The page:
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Wiebe, Katie Funk (1924–2016)

Proper Title

Katie Funk Wiebe fonds

Dates of Creation

[1917?]–1948, 1960–2008

Physical Description

48 cm of textual material and 184 photographs

Biographical Sketch

Katie Funk was born on 17 September 1924 in Laird, Saskatchewan. She is the fourth child of Jacob Funk and Anna Janzen. In 1928, the family settled in Blaine Lake and attended Laird Mennonite Brethren Church. It was a devotional reading that helped focus Katie’s spiritual life and she was baptized on 17 September 1934 in Saskatoon, Saskatchewan, by Pastor H.S. Rempel.

In the fall of 1945, Katie attended Mennonite Brethren Bible College in Winnipeg, Manitoba. There she began working on the student paper The Harbinger with another student editor, Walter Wiebe. Katie and Walter were married on a Thursday evening, 21 August 1947, in the Saskatoon Mennonite Brethren Church.

Katie and Walter discovered a calling towards a "ministry of literature." This calling manifested itself through their work in various publications, including The Youth Worker at Bethany Bible Institute. Katie also wrote freelance articles in The Canadian Mennonite and Christian Living. In 1962, she began writing a regular column for the Christian Leader called “Women in the Church.”

The family moved to Hillsboro, Kansas, in September 1962, where Walter had accepted a job at the Mennonite Brethren Publishing House and Katie had a job at the General Conference Board of Missions. “Their vision for a literature ministry was finally becoming a reality." Unfortunately, on 17 November 1962, Walter died as a result of a growth in his abdomen.

Early widowhood pushed Katie into the workforce to earn a livelihood for her young family of four: Joanna, Susan, Christine, and James. Katie worked as a copy editor and proofreader at the Mennonite Brethren Publishing House and continued to write articles for journals. Katie began to teach in the English Department at Tabor College in Hillsboro, and eventually earned an MA degree and a promotion to Associate Professor. All the while, Katie continued to write articles for the Christian Leader.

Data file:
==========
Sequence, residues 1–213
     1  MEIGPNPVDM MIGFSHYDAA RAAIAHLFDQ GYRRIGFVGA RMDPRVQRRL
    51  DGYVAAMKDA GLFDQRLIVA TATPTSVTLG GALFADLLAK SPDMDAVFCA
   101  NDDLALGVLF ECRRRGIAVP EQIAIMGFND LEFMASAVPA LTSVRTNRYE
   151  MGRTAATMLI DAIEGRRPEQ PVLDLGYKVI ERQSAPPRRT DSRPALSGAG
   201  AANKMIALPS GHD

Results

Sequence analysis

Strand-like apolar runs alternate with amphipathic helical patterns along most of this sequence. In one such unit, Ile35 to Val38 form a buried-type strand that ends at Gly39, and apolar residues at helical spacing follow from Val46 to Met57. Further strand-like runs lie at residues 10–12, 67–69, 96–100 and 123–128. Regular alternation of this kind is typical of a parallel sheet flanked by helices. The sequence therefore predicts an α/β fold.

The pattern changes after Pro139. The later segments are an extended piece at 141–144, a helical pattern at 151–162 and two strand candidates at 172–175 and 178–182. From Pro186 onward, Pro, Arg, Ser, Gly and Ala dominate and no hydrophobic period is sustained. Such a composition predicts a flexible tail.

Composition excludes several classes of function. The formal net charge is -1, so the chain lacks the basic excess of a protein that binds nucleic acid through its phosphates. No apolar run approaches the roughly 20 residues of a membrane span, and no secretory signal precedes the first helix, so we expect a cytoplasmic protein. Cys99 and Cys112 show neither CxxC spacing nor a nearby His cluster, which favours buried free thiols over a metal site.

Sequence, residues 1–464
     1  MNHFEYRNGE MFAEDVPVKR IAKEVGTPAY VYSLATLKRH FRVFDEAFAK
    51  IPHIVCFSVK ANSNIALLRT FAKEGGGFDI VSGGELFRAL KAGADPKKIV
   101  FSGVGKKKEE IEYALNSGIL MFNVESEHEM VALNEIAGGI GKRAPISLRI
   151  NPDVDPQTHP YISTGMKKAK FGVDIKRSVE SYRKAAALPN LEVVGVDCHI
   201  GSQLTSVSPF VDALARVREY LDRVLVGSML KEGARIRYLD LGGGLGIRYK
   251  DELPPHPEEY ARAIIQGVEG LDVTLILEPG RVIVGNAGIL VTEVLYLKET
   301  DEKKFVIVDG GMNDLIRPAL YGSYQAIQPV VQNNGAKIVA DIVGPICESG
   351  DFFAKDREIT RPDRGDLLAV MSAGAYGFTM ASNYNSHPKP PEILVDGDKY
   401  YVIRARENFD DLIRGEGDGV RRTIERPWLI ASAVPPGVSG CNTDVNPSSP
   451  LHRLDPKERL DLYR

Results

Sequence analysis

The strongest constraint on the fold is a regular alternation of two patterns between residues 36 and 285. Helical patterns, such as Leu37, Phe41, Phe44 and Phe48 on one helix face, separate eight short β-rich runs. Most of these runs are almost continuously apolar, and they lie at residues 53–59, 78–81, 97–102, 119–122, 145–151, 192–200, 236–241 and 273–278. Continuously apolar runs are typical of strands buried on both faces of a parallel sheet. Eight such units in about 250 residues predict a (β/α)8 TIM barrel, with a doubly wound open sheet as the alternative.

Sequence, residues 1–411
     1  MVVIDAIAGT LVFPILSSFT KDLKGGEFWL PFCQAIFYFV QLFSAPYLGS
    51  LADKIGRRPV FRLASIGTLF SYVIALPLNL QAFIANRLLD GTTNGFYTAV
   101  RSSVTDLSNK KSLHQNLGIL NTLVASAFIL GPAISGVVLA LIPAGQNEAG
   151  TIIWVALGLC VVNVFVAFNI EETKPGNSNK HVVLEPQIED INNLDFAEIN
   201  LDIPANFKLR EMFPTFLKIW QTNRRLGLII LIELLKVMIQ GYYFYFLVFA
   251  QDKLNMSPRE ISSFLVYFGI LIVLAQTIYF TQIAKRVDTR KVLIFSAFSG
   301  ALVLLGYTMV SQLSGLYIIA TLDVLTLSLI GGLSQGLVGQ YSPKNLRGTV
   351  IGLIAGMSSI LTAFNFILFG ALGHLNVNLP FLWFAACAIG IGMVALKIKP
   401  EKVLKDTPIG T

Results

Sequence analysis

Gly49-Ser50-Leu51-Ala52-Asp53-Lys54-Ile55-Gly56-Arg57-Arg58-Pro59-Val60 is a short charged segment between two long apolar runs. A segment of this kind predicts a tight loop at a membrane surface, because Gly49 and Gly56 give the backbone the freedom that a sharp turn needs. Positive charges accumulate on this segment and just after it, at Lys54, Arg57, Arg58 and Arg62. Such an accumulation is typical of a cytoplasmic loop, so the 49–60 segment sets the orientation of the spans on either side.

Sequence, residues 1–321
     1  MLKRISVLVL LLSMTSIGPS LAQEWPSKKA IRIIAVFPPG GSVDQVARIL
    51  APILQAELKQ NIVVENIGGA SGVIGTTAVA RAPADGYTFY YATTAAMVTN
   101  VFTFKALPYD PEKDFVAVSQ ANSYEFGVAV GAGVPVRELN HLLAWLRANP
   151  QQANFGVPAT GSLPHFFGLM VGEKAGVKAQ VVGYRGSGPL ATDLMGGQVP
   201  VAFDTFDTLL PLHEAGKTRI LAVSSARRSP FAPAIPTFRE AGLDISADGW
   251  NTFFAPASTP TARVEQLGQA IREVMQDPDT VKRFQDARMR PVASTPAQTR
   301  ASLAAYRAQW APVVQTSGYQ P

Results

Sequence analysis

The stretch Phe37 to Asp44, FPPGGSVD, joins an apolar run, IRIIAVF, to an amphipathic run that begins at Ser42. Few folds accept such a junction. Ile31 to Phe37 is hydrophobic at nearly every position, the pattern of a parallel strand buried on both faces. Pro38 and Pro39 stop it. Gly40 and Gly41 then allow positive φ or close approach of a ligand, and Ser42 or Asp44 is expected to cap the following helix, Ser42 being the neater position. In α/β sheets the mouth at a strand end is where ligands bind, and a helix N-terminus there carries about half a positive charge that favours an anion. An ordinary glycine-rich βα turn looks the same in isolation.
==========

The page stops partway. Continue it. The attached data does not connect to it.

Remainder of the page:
During the 1970s, Katie began to write books. She wrote stories of Mennonite women, including her own life in relation to Walter’s death. Her influence spread across the continent. Her writing focused on "women who were often overlooked because they were not part of the official historical accounts" and she used "autobiographical narrative" to share her own story.

Katie conducted writing workshops all over the country, taking special interest in the women of the church. She became involved in many levels of leadership in the Mennonite Brethren Conference: as board member of Center for Mennonite Brethren Studies in Hillsboro, on the Mennonite Central Committee Task Force for Women in the Church and Society, on the editorial board of Direction. Katie found herself increasingly at the centre of the conversation about women in the Mennonite Brethren Church. She was also invited to participate on the Board of Reference and Council’s Women in Ministry Task Force.

In 1990, Katie retired from Tabor College. She continued to work as a hospice volunteer and made it her goal to make sure that older adults maintained their sense of identity and self-worth. Katie wrote about her own experience of growing older and the role of older adults in the church. She led workshops on aging and attended older adult retreats.

Katie died on 23 October 2016, in Wichita, Kansas, at the age of 92.

A comprehensive bibliography of the writings and oral presentations of Katie can be found in the book The Voice of a Writer: Honoring the life of Katie Funk Wiebe, pp. 255–352.